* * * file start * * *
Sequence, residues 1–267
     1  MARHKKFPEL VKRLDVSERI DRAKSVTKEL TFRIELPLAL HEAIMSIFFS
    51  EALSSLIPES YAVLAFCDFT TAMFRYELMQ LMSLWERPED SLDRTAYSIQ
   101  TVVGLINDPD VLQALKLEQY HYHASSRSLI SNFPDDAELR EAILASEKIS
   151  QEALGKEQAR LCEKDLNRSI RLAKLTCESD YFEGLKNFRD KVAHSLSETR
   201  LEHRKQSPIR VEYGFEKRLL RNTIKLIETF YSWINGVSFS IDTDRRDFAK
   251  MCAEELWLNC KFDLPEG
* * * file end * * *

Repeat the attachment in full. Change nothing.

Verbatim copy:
Sequence, residues 1–267
     1  MARHKKFPEL VKRLDVSERI DRAKSVTKEL TFRIELPLAL HEAIMSIFFS
    51  EALSSLIPES YAVLAFCDFT TAMFRYELMQ LMSLWERPED SLDRTAYSIQ
   101  TVVGLINDPD VLQALKLEQY HYHASSRSLI SNFPDDAELR EAILASEKIS
   151  QEALGKEQAR LCEKDLNRSI RLAKLTCESD YFEGLKNFRD KVAHSLSETR
   201  LEHRKQSPIR VEYGFEKRLL RNTIKLIETF YSWINGVSFS IDTDRRDFAK
   251  MCAEELWLNC KFDLPEG